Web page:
One of the advances RTA made a few years back was the introduction of real-time vehicle location and stop time prediction. This gave our customers access to decision-making tools they didn't previously have available, and made choosing transit an easier option.
Unfortunately, the availability of real-time data is based on many moving parts, and all of those parts have to work in concert for this information to be properly, accurately available. Case in point, the recent Red Line disruption due to the repairs needed on the S-curve retaining wall.
When we very suddenly replaced that stretch of rail service with buses, and seemingly any time we made changes to that service, and then when we reverted it back to regular Red Line service on August 26, real-time information availability lagged behind what was actually happening on the street.
The short of it is this -- there are a few different ways of presenting real-time information, which largely come down to real-time location, and real-time prediction. The first, which is used in the NextConnect system that powers the real-time widget on the front page, and several other pages, of riderta.com, is not always as informative, but is less susceptible to data disruptions. The second, used in third-party services like TransitApp, can be more informative, but is more susceptible to back-end data issues. Here’s why:
The first part of being able to show real-time availability is the actual scheduled time. After all, if you don’t know what time a vehicle is scheduled to be at a particular stop, how can you know whether it’s early or late? This is supplied in files formatted to what’s called the General Transit Feed Specification, or GTFS (the G used to stand for Google, who helped develop it in cooperation with transit professionals at TriMet in Portland, OR). These are static files, and only usually change when we’re having some sort of major service change.
The second part of real-time availability relies on the similarly-named, but structurally very different, GTFS-realtime (RT) files. This data describes what's going on with the system at a given moment, in terms of traffic, road closures, or other events that can cause delays. This continuous stream of data is constantly updating – think of it like the "ticker" on any news or financial service.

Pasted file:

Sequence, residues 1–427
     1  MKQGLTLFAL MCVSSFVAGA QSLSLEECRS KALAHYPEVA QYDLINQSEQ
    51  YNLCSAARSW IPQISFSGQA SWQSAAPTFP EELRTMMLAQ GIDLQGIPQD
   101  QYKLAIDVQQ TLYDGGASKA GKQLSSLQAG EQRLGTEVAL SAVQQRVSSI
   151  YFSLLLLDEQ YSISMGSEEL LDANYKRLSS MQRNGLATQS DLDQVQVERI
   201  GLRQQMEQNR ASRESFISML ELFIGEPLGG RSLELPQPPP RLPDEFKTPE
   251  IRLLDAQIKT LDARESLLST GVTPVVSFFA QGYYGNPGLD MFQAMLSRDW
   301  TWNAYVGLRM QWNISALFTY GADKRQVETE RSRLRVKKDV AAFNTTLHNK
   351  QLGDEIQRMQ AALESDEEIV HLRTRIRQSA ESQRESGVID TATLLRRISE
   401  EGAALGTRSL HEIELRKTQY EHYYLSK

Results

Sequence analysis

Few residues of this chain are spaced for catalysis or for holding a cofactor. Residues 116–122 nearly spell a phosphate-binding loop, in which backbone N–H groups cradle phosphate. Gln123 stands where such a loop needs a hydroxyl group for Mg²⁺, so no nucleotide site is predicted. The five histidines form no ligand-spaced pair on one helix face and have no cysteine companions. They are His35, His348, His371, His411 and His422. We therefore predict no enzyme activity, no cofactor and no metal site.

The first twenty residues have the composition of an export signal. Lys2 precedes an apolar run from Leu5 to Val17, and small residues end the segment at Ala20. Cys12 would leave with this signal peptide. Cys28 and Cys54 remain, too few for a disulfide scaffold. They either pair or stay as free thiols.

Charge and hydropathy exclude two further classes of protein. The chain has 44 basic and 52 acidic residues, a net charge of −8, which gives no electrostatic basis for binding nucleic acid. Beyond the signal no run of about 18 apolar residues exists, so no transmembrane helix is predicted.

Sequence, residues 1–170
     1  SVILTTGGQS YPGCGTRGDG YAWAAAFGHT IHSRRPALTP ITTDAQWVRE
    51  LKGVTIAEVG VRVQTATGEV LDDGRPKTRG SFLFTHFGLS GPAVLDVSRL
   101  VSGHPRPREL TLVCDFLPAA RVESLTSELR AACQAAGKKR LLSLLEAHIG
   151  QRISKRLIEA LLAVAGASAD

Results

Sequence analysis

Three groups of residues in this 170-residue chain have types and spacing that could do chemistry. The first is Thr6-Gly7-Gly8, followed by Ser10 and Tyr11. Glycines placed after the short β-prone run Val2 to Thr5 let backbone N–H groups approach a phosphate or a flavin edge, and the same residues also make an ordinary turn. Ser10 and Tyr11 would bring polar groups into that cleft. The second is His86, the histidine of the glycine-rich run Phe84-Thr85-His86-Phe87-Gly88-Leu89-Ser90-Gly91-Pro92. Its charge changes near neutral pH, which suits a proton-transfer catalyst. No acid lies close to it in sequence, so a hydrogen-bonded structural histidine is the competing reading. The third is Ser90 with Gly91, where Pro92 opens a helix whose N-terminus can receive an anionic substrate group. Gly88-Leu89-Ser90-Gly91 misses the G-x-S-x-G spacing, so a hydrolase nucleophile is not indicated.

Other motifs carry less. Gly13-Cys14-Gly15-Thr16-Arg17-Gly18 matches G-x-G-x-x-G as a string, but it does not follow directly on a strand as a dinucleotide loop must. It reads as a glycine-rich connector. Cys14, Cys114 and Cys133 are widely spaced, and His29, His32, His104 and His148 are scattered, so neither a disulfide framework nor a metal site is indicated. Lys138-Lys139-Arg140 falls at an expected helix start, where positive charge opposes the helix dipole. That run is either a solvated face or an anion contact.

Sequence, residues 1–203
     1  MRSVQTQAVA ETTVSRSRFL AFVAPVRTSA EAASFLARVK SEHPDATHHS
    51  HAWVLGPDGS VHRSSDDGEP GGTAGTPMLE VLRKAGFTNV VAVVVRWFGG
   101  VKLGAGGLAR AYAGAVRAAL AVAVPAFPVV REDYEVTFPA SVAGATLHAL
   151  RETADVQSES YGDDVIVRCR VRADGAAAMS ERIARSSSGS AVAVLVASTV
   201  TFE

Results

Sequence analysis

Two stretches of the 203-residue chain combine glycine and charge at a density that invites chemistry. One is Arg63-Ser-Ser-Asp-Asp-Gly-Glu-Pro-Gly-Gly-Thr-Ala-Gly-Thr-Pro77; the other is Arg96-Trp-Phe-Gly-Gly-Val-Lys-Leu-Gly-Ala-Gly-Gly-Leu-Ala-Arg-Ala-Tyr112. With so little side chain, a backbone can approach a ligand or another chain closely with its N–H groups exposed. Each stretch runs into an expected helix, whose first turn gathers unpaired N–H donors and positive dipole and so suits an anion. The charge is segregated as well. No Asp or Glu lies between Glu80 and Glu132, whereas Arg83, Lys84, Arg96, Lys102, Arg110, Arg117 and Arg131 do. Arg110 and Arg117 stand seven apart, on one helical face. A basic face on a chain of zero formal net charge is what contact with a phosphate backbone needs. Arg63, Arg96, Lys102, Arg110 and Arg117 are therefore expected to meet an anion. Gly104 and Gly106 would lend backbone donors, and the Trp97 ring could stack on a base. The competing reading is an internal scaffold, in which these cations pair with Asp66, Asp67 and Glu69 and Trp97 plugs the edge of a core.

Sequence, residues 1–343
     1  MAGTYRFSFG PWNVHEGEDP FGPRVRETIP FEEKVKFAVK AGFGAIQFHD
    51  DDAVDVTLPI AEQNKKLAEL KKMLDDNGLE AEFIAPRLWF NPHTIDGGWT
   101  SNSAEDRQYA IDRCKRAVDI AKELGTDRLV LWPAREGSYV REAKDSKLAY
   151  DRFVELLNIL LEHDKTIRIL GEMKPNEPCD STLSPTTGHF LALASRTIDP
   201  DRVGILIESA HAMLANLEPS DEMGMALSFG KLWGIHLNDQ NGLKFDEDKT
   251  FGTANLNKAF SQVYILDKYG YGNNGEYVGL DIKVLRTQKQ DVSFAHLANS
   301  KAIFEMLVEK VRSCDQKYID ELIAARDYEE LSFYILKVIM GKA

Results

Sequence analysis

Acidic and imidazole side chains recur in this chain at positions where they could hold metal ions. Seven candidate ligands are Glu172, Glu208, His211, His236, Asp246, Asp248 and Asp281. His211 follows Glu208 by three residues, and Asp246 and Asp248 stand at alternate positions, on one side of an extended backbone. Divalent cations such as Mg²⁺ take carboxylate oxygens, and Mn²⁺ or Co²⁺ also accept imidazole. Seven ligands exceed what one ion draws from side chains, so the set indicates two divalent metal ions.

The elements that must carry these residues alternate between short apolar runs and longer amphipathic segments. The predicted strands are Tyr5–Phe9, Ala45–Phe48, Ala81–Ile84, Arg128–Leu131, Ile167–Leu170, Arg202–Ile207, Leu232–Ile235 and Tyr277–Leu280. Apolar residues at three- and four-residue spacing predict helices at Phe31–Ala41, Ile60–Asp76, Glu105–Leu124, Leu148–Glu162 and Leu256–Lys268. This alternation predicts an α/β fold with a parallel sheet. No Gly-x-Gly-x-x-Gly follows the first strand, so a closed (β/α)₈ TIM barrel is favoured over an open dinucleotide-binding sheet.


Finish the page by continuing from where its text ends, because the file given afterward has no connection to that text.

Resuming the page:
Real-time location is simple, and can tell you where your vehicle is, compared to where it should be. This system has some limitations, though, in that it can only tell you a vehicle's status relative to a given stop, i.e., this bus is currently running 5 minutes late relative to stop X. However, if there is a road closure between where the bus is now, and where stop X is, those 5 minutes could easily turn into ten or more, and this system can't tell you that until the bus encounters that delay. Being a simpler system, it is more responsive to when we make wholesale changes to our data, because all it looks at is schedule data and current position.
The second type of real-time data is real-time prediction, which attempts to take a larger data set and better predict where and when the bus will be at all locations, as well as allowing for trip planning that takes this into account. This type of service is more susceptible to data disruptions, since it relies on everything being properly "in sync".
Remember those GTFS and GTFS-RT files I mentioned earlier? They both use something called a trip id to identify a particular piece of service we're providing. If the trip ids in those two file sets don't match, real-time prediction goes away. That's what happened this week, when we restored service on the Red Line. The GTFS files we're using were updated to a different set of trip ids, but the GTFS-RT files, due to technical limitations of how quickly our system can distribute out the information, are still using the old trip ids. However, real-time location, since it doesn't rely on those trip ids, continues to function, so you can continue to get real-time location information through our website widget.
The good news is, this should all be corrected on September 1, when everything is back in sync again. The better news is that our ongoing radio upgrade project (which also has the side effect of providing the free wifi in our stations, and which will soon be on our vehicles) should allow for quicker distribution of this information, which means data disruptions like this will become less cumbersome, and will have shorter (but not necessarily non-existent) lag time.
There's a lot to take in here, and a lot to understand. Want to know anything more about this topic? Get in touch with me at firstname.lastname@example.org.